Although PFAS use has been heavily restricted by international treaty since 2009, the chemicals are still used in semiconductor manufacturing and chrome plating, where wastewater can contain as much as one gram of PFAS per liter of water, or about 14 billion times the current EPA limit for safe drinking water.
"In general for carbon-based materials and ion-exchange resins, there is a trade-off between adsorption capacity and adsorption rate as you increase the pore size of the material," Wong said. "In other words, the more PFAS a material can soak up and trap, the longer it takes to fill up. In addition, carbon-based materials have been shown to be mostly ineffective at removing shorter-chain PFASs from wastewater.
"We found that our material combines high-capacity and fast-adsorption kinetics and also is effective for both long- and short-chain perfluoroalkyl sulfonates," he said.
Wong said it's difficult to beat carbon-based materials in terms of cost because activated carbon has been a mainstay for environmental filtration for decades.
"But it's possible if MOFs become produced on a large-enough scale," he said. "There are a few companies looking into commercial-scale production of UiO-66, which is one reason we chose to work with it in this study."
Additional co-authors include Kimberly Heck and Camilah Powell, both of Rice. The research was supported by the National Science Foundation (NSF) Graduate Research Fellowship Program and by the NSF's Nanosystems Engineering Research Center on Nanotechnology-Enabled Water Treatment (NEWT). Based at Rice, NEWT is a multi-institutional effort launched in 2015 to develop compact, mobile, off-grid water-treatment systems that can provide clean water to millions of people and make U.S. energy production more sustainable and cost-effective.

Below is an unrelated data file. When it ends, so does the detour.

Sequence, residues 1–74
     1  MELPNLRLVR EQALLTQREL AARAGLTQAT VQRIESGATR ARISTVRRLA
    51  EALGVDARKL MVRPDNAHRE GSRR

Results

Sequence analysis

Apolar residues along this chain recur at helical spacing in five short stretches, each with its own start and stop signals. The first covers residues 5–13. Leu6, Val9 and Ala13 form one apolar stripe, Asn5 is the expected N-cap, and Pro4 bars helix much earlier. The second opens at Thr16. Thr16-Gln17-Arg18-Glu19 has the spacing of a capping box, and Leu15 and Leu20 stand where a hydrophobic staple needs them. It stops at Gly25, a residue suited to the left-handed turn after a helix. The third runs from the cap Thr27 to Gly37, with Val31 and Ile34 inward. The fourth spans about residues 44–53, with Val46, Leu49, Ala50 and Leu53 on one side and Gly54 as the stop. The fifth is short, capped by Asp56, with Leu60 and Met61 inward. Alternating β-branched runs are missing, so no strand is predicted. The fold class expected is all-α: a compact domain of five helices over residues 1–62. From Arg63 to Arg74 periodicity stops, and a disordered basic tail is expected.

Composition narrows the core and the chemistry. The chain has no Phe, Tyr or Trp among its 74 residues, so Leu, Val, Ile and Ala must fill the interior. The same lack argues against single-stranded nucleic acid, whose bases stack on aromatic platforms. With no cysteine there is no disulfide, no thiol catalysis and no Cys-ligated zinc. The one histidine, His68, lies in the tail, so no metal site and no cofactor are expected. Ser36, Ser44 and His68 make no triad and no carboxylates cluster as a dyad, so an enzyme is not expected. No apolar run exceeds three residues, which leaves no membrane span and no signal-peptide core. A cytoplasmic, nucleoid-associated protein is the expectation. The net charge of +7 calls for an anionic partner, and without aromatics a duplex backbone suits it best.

High-resolution IMAGES are available for download at:
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CAPTION: Mike Wong and Chelsea Clark (Photo by Jeff Fitlow/Rice University)
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CAPTION: Chelsea Clark (Photo by Jeff Fitlow/Rice University)
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CAPTION: By introducing defects into the structure of a metal-organic framework, or MOF, Rice University researchers found they could increase the amount of toxic pollutants called perfluorooctanesulfonic acid (PFOS) that the MOF could hold, as well as the speed with which it could adsorb them from heavily polluted industrial wastewater. (Image courtesy of Chelsea Clark/Rice University)
The DOI of the ACS Sustainable Chemistry and Engineering paper is: 10.1021/acssuschemeng.8b05572
A copy of the paper is available at: https:/
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Located on a 300-acre forested campus in Houston, Rice University is consistently ranked among the nation's top 20 universities by U.S. News & World Report. Rice has highly respected schools of Architecture, Business, Continuing Studies, Engineering, Humanities, Music, Natural Sciences and Social Sciences and is home to the Baker Institute for Public Policy. With 3,962 undergraduates and 3,027 graduate students, Rice's undergraduate student-to-faculty ratio is just under 6-to-1. Its residential college system builds close-knit communities and lifelong friendships, just one reason why Rice is ranked No. 1 for lots of race/class interaction and No. 2 for quality of life by the Princeton Review. Rice is also rated as a best value among private universities by Kiplinger's Personal Finance.